Some confusion may arise (especially for those with a chemistry background) because zirconium is actually a metal, much like titanium. However, there is a slight difference in that the implant is made of zirconium-oxide, which changes its physical properties. It is white in color and has properties more typical of ceramics than metals. 

Now at the risk of bringing even more confusion to the issue, titanium is extremely reactive in air. The surfaces oxidize immediately, creating titanium oxide, therefore the material of the implant that is in contact with bone is actually titanium oxide, not pure titanium. This is also true of titanium implants that are made of an alloy (mixture) of other metals. One difference is the implant itself still has physical properties typical of metals. 

Beyond the material properties, there are pros and cons to both materials. Nevertheless, I can say that both materials work and work well as a dental implant. I place and restore both types of implants and which one we choose is determined after reviewing and discussing each person’s concerns, medical history, and treatment objectives.

How do I know if I have a Metal Allergy? 

As mentioned, it is best to determine whether or not you have a metal allergy or sensitivity, before you have your dental implants placed. There are many different tests that your doctor can do to identify a titanium allergy. Learn more about allergy testing and the options available. 

Patch Test

A patch test is the most common way to test for allergies. Different potential allergens are applied to a patient’s skin (usually on their back). After 48 hours your physician will check for reactions to each allergen. Patch tests can be difficult to diagnose metal allergies because patients can take longer to react to metal exposure on the skin.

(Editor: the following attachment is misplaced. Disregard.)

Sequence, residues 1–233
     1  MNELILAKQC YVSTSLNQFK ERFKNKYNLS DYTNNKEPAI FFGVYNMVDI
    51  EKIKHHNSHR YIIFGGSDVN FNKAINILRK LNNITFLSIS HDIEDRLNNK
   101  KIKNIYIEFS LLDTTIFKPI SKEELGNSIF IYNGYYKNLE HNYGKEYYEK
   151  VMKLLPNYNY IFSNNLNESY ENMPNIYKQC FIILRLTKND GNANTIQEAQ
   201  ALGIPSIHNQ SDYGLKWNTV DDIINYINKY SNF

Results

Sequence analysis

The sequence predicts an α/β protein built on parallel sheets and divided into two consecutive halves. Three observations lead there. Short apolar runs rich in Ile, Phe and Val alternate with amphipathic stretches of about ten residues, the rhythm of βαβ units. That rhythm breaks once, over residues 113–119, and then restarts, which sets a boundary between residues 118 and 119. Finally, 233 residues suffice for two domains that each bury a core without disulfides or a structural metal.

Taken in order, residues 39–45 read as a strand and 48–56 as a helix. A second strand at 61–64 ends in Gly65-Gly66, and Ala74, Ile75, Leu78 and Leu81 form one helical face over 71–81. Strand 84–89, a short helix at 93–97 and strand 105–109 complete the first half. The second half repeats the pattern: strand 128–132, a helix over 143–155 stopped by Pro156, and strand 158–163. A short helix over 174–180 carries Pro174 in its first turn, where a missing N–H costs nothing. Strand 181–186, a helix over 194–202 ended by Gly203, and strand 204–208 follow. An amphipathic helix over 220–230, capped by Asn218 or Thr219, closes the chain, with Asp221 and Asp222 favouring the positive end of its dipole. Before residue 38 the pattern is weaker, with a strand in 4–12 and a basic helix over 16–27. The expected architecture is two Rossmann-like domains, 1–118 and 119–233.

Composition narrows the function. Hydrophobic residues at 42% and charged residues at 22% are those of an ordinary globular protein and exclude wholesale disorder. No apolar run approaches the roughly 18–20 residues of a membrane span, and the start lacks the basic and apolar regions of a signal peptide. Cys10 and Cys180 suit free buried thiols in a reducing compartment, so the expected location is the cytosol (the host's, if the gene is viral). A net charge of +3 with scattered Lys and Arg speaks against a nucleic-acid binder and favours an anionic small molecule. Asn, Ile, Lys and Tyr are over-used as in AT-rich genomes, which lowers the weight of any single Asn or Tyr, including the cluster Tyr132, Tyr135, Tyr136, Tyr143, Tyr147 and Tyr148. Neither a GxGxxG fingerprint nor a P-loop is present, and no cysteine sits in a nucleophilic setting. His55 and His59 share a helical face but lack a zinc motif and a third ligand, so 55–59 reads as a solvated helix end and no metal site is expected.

Prick Test

The patch test tests for irritations on the surface of the skin. A prick test takes this concept further and tests for irritation when the body is directly exposed to the allergen. A very small sample of the allergen is injected into the patient (usually into a finger). The reactions to these types of tests are far faster and you can see whether or not you are allergic to the material within around 30 minutes. 

Blood Tests 

Blood tests are usually performed if a patient is currently having an allergic reaction to a certain substance. If there is a strong reaction to the patch test, for example, your doctor will likely order a blood test. Blood tests reveal the antibodies present in your blood, trying to actively fight the material you are allergic to. 

The type of antibodies present will determine the cause of the allergy. If you have had implants placed and you think you may be having an allergic reaction to them, your doctor will most likely perform a blood test to easily determine the cause. 

Visit VCCID for an Implant Consultation 

At VCCID we take a holistic approach to dentistry. We know that your oral health affects the rest of your body and vice versa. We know that certain patients react differently to metals, such as titanium and we are able to provide zirconia implants as a biocompatible alternative. 

It is certainly entirely possible for a patient with a metal allergy to have dental implants. If you think you have a metal allergy, talk with your doctor and your dentist to help determine the best course of action. Book a consultation, or call our clinic today to meet with our dentists and plan your tooth replacement solution. 

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*All photos presented are of work done by Dr. Balogh on actual patients. None of the photos have been retouched other than to crop images to the appropriate size and area of interest. These photos are examples only. The exact and potential outcome varies with each patient, depending on many factors such as the presenting condition(s), general health, and dental health, etc. If you wish to learn more we recommend contacting us for a consultation to discuss your concerns, treatment options, and results that are feasible for your dental condition.